- Temper tantrums, bullying other children or animals, or harming himself or herself
- Trouble sleeping, bad dreams, or sleepwalking
- Trouble learning in school
How is TS diagnosed?
Your child's healthcare provider will ask questions about your child's tics and health history. Tell the provider when the tics started, how often they occur, how bad they are, and if they interfere with daily activities. Tell him or her if a family member has TS or another tic disorder. Your child's healthcare provider may do testing to check your child's brain function. He or she may check your child's eyes, strength, memory, and problem solving ability. He or she will also check for other conditions, such as ADHD, OCD, anxiety, and mood disorders. These often occur with TS. Treatment for some of the other disorders may also improve tics.
How is TS treated?
Treatment for TS may not be needed, or may be started later. Your child's provider may recommend watching and waiting to see if the tics get worse. Your child's tics may become milder or go away during the teen years. Treatment may help make tics less severe but usually does not get rid of them completely.
- Medicines may be given if your child's tics are painful, harmful, or make it hard for him or her to do daily activities. The medicines used to treat your child will depend on what other conditions he or she has. Medicines may be given to help decrease your child's tics. Some of the medicines may also help control anxiety, mood swings, or aggressive behavior. Some medicines may also help your child sleep. The provider will talk to you about common or severe side effects that each medicine can cause. He or she will also check over time to see if each medicine is still needed or can be stopped.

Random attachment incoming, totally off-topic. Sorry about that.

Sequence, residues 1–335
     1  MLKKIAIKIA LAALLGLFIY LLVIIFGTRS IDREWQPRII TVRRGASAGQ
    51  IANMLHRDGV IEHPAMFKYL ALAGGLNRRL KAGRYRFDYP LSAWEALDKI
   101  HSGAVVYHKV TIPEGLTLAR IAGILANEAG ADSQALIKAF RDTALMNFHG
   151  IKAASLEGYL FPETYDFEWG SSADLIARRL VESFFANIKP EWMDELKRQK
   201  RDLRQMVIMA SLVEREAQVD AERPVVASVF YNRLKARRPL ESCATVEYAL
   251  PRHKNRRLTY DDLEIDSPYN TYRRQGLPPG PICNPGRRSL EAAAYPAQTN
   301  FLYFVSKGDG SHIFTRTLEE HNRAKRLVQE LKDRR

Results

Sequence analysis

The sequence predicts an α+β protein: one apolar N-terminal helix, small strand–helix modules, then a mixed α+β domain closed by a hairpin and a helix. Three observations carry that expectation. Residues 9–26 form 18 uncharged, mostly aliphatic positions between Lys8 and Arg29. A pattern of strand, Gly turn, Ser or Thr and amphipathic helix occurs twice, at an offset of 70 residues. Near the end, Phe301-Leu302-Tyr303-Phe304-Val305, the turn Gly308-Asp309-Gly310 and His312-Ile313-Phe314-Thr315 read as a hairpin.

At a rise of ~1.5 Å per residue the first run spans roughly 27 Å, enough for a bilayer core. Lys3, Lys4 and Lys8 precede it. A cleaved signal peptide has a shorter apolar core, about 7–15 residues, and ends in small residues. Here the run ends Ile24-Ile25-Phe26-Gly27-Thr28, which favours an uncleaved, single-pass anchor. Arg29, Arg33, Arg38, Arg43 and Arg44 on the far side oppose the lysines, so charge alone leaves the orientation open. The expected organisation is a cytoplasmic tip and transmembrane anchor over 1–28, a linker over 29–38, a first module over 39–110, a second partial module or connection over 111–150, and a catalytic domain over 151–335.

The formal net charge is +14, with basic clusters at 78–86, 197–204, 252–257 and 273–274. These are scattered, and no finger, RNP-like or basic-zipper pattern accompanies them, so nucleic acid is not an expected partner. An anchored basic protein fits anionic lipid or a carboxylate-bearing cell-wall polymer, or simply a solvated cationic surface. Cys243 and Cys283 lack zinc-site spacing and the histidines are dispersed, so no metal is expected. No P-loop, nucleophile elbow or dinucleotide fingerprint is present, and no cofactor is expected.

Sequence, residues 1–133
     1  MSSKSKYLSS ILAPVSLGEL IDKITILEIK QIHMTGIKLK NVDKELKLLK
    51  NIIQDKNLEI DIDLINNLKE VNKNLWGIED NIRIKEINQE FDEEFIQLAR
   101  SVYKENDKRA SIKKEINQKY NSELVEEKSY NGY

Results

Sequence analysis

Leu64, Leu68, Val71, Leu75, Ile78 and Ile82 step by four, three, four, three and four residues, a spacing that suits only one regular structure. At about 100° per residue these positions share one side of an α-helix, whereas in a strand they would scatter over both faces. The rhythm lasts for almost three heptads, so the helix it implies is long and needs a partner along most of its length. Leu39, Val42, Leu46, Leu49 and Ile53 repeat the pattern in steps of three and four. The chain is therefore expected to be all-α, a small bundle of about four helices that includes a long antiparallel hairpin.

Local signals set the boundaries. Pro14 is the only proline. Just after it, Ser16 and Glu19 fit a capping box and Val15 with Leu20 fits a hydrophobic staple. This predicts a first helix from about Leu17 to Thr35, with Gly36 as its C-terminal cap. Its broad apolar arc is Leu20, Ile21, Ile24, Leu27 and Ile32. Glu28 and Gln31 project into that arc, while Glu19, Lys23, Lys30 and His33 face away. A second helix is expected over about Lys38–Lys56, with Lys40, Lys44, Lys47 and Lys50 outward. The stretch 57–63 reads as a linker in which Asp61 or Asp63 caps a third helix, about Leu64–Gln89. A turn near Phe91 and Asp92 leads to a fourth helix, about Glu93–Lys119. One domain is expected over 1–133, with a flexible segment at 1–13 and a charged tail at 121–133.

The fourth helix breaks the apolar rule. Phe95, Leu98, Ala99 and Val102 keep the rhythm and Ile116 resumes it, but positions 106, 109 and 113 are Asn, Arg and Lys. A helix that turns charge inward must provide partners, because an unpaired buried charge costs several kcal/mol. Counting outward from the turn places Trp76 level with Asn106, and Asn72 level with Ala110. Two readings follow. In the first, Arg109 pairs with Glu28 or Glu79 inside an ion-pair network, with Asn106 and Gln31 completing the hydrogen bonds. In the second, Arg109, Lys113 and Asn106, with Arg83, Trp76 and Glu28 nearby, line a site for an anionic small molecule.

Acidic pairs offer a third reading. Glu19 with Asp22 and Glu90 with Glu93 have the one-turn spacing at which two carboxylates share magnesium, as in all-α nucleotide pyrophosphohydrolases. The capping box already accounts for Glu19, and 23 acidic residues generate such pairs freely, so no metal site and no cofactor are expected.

- Biofeedback training helps your child to control how his or her body reacts to stress or pain. This training can help reduce tics by helping your child manage triggers that can lead to a tic.
- Cognitive behavioral therapy (CBT) helps your child learn to control his or her behavior, thoughts, and emotions. CBT may help your child understand the tic disorder and help him or her cope with the symptoms.
- Habit reversal therapy helps your child learn new behaviors to take the place of his or her tics. Your child learns to recognize when the urge to have a tic is building. Your child learns to choose an action that will interrupt the tic. He or she may need to do the action for up to 3 minutes before the tic urge stops.
- Relaxation therapy helps decrease your child's physical and emotional stress. Stress may make your child's TS worse. Relaxation therapy may help your child learn to control the tics. Deep breathing, muscle relaxation, meditation, and listening to music can help your child cope with stressful events.
The following list of medications are in some way related to or used in the treatment of this condition.
What can I do to help support my child?